Heavy-metal refers to a metallic chemical element that has a high density and relatively high atomic mass and is toxic or poisonous. Some examples of heavy metals are mercury, cadmium, chromium, copper, iron, nickel, selenium and lead. These elements can damage living things at low concentrations and tend to accumulate in the food chain.
In nature the lowest elements on the food chain is plant life. Specific types of animals are herbivores and eat only plants. These animals can have a build up of heavy-metal in their system, deposited in their muscle mass, from absorption from plants. When these animals are slaughtered and used for food the heavy metal in their system is absorbed by the end user, us.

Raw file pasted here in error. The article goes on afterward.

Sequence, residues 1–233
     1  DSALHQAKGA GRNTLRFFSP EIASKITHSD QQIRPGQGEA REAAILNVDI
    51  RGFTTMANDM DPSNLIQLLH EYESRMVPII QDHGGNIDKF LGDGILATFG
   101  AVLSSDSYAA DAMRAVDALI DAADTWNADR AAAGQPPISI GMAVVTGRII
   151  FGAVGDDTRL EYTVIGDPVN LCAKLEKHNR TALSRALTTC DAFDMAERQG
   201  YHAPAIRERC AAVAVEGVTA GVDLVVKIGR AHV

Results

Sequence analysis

Doctors have determined that the human body often contains microscopic heavy-metal from environmental toxins and our food sources. Another source of is from the amalgam fillings made for dental appliances. In 1989 the Environmental Protection Agency stated that the use metal fillings were hazardous substances under the Superfund law. When outside of the mouth they must be stored in unbreakable, tightly sealed containers, they are not to be touched and have specific storage requirements. Outside of the mouth they are toxic but when placed in the teeth they are labeled “non-toxic”.